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Now let’s go back to Trump’s claim that Zelensky had negative things to say about Yovanovitch. It’s not the first time that Trump has made this claim. He told reporters Oct. 11: “If you remember the phone call I had with the president — the new president — he didn’t speak favorably. But I just don’t know her. She may be a wonderful woman.”

On Oct. 12, Trump said in a Fox News interview: “She may be a very fine person. I just don’t know. But even if you listen to the very good conversation that I had — a very, very good, no-pressure, congenial conversation with the new president of Ukraine — he had some things that were not flattering to say about her. And that came out of the blue.” (In this interview, Trump also called Yovanovitch “very partisan” and “a Clinton-type person,” but there’s no evidence for either claim.)

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This is a totally warped retelling. The White House’s rough transcript of the July 25 phone call between Trump and Zelensky makes clear that it was Trump, not Zelensky, who brought up Yovanovitch.

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“The former ambassador from the United States, the woman, was bad news and the people she was dealing with in the Ukraine were bad news so I just want to let you know that,” Trump says.

This came seemingly out of the blue. It was in the middle of two requests Trump made of Zelensky that are being investigated as part of the House impeachment inquiry. Trump asked the Ukrainian president to investigate a conspiracy theory involving a Democratic server, Ukraine and the cybersecurity firm CrowdStrike; then he threw in the criticism of Yovanovitch; then he asked Zelensky to investigate the Bidens.

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As for Yovanovitch, Zelensky responded: “I would kindly ask you if you have any additional information that you can provide to us, it would be very helpful for the investigation to make sure that we administer justice in our country with regard to the Ambassador to the United States from Ukraine as far as I recall her name was Ivanovich. It was great that you were the first one who told me that she was a bad ambassador because I agree with you 100%. Her attitude towards me was far from the best as she admired the previous President and she was on his side. She would not accept me as a new President well enough.”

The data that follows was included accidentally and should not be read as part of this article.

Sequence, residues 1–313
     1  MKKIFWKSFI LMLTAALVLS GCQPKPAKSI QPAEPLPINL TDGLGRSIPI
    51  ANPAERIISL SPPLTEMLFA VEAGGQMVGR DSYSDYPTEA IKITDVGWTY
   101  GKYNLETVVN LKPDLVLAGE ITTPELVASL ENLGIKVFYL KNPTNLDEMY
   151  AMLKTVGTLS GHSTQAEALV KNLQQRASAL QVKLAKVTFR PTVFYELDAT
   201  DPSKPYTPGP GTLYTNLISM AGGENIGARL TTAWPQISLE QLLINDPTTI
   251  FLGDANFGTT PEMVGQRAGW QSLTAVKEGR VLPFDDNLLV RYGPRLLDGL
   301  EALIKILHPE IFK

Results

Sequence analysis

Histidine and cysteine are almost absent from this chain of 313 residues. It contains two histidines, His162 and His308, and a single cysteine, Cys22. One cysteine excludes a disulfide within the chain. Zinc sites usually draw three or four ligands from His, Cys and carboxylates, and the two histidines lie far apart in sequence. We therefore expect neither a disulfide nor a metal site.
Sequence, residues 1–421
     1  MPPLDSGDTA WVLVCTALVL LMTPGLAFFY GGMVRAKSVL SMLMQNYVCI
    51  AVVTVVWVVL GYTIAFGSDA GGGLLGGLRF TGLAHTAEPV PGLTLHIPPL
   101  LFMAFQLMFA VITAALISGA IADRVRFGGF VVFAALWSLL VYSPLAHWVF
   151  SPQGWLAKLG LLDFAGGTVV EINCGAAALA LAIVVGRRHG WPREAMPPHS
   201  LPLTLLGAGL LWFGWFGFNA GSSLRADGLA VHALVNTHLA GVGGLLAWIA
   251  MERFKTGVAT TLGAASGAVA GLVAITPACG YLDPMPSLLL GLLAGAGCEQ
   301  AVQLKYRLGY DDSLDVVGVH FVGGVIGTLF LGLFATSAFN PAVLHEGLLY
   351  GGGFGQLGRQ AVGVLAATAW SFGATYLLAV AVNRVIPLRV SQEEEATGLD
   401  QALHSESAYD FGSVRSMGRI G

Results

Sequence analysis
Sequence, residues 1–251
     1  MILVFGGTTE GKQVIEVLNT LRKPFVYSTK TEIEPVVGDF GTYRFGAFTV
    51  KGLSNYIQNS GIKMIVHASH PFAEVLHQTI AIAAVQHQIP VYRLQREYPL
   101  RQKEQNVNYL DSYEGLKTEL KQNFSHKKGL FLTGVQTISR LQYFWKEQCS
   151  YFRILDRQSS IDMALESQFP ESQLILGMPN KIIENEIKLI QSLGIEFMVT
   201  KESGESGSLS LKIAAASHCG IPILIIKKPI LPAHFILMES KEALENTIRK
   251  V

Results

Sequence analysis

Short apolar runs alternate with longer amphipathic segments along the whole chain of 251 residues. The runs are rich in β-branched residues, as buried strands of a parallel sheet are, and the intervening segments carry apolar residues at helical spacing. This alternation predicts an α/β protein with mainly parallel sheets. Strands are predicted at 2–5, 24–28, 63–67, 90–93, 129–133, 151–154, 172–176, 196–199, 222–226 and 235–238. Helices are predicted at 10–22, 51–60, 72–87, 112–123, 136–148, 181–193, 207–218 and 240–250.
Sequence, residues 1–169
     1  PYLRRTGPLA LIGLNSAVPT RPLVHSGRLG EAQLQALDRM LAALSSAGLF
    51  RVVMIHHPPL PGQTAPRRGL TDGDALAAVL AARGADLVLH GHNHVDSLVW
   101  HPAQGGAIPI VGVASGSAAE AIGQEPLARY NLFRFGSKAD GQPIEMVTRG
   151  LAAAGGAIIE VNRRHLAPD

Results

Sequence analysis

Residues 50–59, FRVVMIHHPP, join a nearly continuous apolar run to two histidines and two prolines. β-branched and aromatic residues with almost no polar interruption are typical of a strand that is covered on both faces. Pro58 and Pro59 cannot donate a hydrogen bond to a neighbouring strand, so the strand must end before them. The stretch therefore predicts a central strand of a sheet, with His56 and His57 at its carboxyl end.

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Zelensky was inaugurated the day Yovanovitch left Ukraine for good. He told Trump on the phone, “It was great that you were the first one who told me that she was a bad ambassador because I agree with you 100%.”

This doesn’t sound like a man nursing resentments or holding firm views. It seems more likely that Zelensky was riffing on Trump’s criticism of Yovanovitch during a sensitive portion of their phone call in which the U.S. president was making investigatory requests.

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Asked about the phone call and Zelensky’s view of her, Yovanovitch testified to Congress that “until I read the, you know, the summary of the conversation of the July 25th call, I thought he liked me.”

“What I think is that he thought that that would be something pleasing for President Trump,” she added.

The Pinocchio Test

Trump keeps urging people to “read the transcript,” but in this case, doing so reveals the president’s habit of warping what Zelensky had to say about Yovanovitch.

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Zelensky’s criticism of the U.S. ambassador wasn’t out of the blue, as Trump claimed. It was prompted by Trump himself. Zelensky noted that Trump was “the first one who told me that she was a bad ambassador,” a line that sounds straight out of a hostage video.

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We were on the fence between Three and Four Pinocchios. But we’ve yet to see any evidence that Yovanovitch was failing at her job or abetting bad actors, as Trump claimed. That, plus his incorrect attribution of Zelensky’s comments, merits Four Pinocchios for Trump.

Four Pinocchios